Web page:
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  • Lydia Richards

Are you Punishing with Rewards?

Updated: Jan 18, 2022

When you see that awkward headshot of an employee displayed near the checkout counter and a sign above them saying, “Employee of the Month” - you can be sure, this is a disaster in the making.

Despite the ‘common wisdom’ incentive or recognition programs that predictably reward competence or completion do exactly the opposite of what leaders intend: Reward programs lower motivation.

To understand this surprising finding, we need to consider the difference between intrinsic and extrinsic motivation. Intrinsic motivation is behavior driven by internal rewards, like the fun of a challenge, mastering a new skill, knowing that you are making a meaningful contribution to a worthy goal. Extrinsic motivation is behavior driven by rewards like money or recognition. When you offer extrinsic rewards, people find less intrinsic satisfaction in their work.

Weird huh? A meta-analysis of 128 research studies found:

Rewards hurt the ones who receive them. When recipients of prizes and awards were later asked about their level of motivation, they found less joy in their work than before earning the reward. Some research suggests that the earning of a reward makes us feel as though our contribution is transactional - like a commodity. A fascinating study showed that when people were offered money to do something for the common good, they were less inclined to do it, than when they were offered nothing. It feels good to do good. Rewards can rob us of some of that “feel good” satisfaction.

Rewards hurt everyone else too. Those who do not receive the maximum reward, often experience it as negative feedback about their competence. Some may reject the entire process out of jealousy or conviction that the selection process was unfair. Therefore, rewards tend to DEmotivate the very people who need more motivation.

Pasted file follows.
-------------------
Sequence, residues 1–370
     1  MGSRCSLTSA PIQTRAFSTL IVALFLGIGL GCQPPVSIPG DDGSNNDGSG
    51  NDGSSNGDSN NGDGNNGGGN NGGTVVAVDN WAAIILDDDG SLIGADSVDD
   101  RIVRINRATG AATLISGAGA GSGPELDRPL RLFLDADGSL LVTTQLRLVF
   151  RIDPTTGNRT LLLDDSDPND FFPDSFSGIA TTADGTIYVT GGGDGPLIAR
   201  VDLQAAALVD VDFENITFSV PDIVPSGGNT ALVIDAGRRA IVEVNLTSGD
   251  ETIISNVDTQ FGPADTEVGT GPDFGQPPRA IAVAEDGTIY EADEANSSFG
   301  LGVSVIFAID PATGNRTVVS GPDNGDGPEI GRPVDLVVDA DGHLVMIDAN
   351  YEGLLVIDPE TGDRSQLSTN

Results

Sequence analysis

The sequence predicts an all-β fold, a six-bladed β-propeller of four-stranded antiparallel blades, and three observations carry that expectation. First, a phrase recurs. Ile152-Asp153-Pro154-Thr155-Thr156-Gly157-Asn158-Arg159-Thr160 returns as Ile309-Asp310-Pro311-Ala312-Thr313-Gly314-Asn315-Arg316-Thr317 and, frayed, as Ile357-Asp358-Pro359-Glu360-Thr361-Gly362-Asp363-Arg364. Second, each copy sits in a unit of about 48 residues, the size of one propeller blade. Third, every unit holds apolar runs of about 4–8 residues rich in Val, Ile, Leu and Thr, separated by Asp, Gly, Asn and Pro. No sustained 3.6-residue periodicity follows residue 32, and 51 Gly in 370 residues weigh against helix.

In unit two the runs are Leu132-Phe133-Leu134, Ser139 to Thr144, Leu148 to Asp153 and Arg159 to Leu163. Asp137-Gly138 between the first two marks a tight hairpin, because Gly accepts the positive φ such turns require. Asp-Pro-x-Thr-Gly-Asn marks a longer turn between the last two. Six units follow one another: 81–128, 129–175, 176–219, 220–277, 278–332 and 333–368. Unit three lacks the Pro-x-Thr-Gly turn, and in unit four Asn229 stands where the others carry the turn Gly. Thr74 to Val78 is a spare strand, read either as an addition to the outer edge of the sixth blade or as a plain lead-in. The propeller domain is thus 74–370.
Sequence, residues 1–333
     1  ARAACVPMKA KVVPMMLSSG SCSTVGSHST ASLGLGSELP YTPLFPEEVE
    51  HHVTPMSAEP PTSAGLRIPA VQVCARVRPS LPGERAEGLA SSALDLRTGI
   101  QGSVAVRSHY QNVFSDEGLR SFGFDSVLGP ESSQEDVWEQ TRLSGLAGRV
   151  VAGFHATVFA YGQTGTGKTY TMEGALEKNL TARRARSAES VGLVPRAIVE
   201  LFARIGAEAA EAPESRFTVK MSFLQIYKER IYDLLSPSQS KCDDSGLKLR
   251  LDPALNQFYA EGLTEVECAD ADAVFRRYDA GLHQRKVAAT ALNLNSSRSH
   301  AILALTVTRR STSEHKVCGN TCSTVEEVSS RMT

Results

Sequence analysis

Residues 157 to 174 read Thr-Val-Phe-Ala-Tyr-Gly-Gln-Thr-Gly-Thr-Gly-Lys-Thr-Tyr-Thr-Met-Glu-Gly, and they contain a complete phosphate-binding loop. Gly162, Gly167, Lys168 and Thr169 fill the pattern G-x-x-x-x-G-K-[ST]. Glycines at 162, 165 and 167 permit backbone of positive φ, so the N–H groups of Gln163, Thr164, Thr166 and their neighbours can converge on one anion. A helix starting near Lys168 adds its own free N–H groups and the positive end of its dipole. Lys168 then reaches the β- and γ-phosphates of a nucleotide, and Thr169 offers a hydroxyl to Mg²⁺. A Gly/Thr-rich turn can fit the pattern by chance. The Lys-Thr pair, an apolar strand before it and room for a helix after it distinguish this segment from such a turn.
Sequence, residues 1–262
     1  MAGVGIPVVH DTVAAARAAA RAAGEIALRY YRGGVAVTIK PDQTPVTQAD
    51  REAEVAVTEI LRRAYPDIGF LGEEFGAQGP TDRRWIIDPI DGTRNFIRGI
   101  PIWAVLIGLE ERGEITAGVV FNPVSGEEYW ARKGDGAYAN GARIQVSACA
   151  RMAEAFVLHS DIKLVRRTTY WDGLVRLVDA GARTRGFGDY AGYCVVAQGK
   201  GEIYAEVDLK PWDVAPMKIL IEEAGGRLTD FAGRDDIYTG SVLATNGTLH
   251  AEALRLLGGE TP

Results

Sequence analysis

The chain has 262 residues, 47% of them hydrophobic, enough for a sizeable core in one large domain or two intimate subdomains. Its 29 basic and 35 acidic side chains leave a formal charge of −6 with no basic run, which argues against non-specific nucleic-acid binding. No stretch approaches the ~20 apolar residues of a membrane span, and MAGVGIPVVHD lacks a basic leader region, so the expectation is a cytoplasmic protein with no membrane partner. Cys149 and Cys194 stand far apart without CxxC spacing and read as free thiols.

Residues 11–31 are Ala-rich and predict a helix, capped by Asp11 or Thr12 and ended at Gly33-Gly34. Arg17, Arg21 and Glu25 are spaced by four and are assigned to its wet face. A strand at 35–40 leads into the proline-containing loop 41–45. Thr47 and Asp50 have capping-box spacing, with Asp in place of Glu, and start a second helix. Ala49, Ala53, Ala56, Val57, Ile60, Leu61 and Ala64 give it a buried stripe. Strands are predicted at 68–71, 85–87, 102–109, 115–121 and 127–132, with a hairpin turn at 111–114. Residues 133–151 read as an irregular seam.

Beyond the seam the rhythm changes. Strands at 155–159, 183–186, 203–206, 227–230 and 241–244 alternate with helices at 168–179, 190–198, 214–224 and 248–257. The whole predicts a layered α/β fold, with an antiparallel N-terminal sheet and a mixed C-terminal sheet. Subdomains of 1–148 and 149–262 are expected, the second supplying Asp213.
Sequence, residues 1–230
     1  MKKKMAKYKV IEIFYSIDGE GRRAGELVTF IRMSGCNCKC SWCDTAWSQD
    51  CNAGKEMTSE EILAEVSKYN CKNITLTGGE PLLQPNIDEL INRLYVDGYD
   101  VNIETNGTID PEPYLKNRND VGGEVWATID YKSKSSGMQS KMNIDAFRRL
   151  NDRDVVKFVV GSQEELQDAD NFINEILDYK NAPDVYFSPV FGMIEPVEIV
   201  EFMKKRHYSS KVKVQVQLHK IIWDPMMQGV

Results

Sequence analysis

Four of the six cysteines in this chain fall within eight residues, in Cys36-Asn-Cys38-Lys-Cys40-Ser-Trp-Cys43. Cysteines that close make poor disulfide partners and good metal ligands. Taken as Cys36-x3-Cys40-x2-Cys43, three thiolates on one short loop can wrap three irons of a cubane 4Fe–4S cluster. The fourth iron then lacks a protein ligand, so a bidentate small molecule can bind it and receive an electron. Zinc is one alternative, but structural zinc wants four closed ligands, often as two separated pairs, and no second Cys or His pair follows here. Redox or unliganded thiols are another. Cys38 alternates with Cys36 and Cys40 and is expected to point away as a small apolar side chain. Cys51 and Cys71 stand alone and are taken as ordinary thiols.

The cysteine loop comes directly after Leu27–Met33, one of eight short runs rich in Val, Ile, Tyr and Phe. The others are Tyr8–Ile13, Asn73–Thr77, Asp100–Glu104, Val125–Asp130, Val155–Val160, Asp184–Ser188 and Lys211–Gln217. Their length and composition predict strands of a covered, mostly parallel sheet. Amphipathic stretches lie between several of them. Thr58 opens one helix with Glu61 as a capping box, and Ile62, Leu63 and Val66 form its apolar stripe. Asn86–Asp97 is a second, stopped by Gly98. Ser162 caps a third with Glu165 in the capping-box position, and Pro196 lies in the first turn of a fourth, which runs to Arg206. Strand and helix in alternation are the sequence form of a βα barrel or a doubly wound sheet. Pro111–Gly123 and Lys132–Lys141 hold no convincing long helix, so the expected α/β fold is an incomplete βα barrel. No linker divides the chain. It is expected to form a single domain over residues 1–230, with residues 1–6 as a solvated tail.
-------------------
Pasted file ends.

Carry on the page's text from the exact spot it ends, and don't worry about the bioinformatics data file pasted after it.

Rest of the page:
Rewards hurt teams. While friendly competition is common, particularly on sales teams, it destroys any chance of cooperation and collaboration. In all my years of working with teams, I have never found a team that is more productive when members compete. When it comes to teams, the “whole” can be so much greater than the sum of the parts.

Reward programs become harmful, but very hard to stop. Once an organization has adopted a reward program people acclimate to it quickly. It’s the new normal and therefore expected. You’ll get no bump in productivity or loyalty for having it, but taking it away can be disastrous.

So what does work to motivate people?

  • Genuine, specific expressions of gratitude

  • Verbal or tangible gifts

  • If they are tangible, they must be unexpected, and at random intervals

  • Gestures for the purpose of appreciation, not control

If an employee does a particularly terrific job, the most effective approach is genuinely to tell them so. Thank them publicly, or even give them a gift to say thanks. If a gift is given a gift, it should be something that reflects them personally. Thoughtfulness will be appreciated and remembered.

Our attraction to rewards programs is understandable, as we can “set it and forget it”. However, there are no shortcuts when it comes to cultivating an engaged, productive workforce. Your workforce will light up and give you their very best work, when genuine appreciation is a daily habit for every leader, manager and supervisor.


Lydia Richards, CEO and founder of TeamWorks has been creating high performance organizations for 15 years. For more go to

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